[coyotos-dev] Window systems and graphics
devbox at selnet.org
Fri Aug 22 15:05:35 CDT 2008
On 22/08/2008, at 15.27, Christopher Nelson wrote:
>> Let me back up the beginning. One of the principles of Coyotos is
>> storage accountability. A second is explicit destruction: if you are
>> paying for the storage, you can forcibly deallocate it. When these are
>> taken together with the absence of "notify on last close", we end up in
>> a fairly nasty design quandry, in which all of the following statements
>> appear to be true:
>This is probably a serious problem, but not for general graphics
>drawing. Let me explain why:
>In the olden days of vga and ega we just had display memory. People
>wrote into the display memory, and voila! We had pictures. Modern
>graphics architectures still allow that sort of activity, but if you
>do things that way, all you did was buy some really expensive memory.
>The way this works in practice involves translating vector commands
>(DrawLine, DrawRect) into the binary equivalent for the card in
>question. In general, the driver allocates a piece of memory that is
>used as a display list. That memory does *not* specifically refer to
>commands from any particular window or thread or process. It's just a
>When the driver goes to render, it parses the display list, writing
>the equivalent commands into the buffer, just like converting assembly
>to machine code in many respects. Once the display list is complete,
>you program a command register with the base of the display list. The
>video card reads the instructions and performs the necessary drawing.
>Some schemes allow the card to notify you when it is done. Some cards
>can have multiple command buffers active simultaneously.
>In any case, the client doesn't write to the command buffers. It has
>no idea how to do that, or what it should stick in there if it did.
>The driver cares for and owns all memory associated with command
>buffers. Rasterization directly to the display memory doesn't need to
>be (and often isn't) permitted. There is no DoS here b/c the command
>buffers are generally fixed in size and location when the drivers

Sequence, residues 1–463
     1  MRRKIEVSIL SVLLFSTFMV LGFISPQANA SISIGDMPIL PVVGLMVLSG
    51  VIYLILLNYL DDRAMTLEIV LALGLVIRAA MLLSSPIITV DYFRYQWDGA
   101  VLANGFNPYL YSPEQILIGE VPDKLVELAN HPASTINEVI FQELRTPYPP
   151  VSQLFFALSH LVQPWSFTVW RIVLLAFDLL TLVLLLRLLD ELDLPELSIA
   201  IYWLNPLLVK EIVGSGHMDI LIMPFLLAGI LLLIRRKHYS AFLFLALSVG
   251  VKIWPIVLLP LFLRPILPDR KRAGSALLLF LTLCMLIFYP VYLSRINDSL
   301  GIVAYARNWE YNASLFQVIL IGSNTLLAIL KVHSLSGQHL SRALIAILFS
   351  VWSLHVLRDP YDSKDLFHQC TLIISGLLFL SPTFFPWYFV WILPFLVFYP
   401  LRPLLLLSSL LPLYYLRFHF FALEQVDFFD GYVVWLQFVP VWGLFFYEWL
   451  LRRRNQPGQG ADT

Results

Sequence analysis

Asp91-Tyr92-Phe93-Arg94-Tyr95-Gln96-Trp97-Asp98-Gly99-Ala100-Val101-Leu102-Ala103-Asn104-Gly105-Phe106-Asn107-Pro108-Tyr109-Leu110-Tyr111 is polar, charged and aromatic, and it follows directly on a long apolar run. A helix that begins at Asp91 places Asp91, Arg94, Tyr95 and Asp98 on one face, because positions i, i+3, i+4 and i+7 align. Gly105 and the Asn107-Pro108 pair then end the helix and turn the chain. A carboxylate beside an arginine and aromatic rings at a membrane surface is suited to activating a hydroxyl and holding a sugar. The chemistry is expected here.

>The two most common schemes for this implementation w/r to windows
>systems are display lists and invalidation areas.
>With display lists, either the driver or the rendered keeps a record
>of the commands used to draw some area. When the area needs redrawn,
>the display list is replayed. If the client owns the display list,
>then the display server doesn't care about it. It just cares about
>the commands getting replayed to it. If the display server owns the
>commands, I can see how an extremely long play list could be a
Sam: the rendering commands are valid to render *one* single frame, at a
minimum of 25 frames per second. Each frame must be rendered in less than
1/25 of second. So the list of commands is always limited.
>For invalidation areas, no one has a problem. The client is just told
>to redraw a particular region. No extra storage is needed on the
>server side. (This can be implemented with client side display lists
>The other thing to think about involves video processing, and this is
>where you are likely to have real problems. One difference with vector
>rasterization is that the client process needs to hand off video data
>buffers to the driver, or else they must share a circular buffer that
>provides notification to the client w/r to processing lead time.
>This is the same problem you have for sound rendering, though. In
>both cases, the client program really is a client. It responds to
>notifications from the server to update the rendering buffer at some
>location with so much data. However, since active and very low
>latency communication is involved, perhaps this would be an
>appropriate place for watchdog timers.
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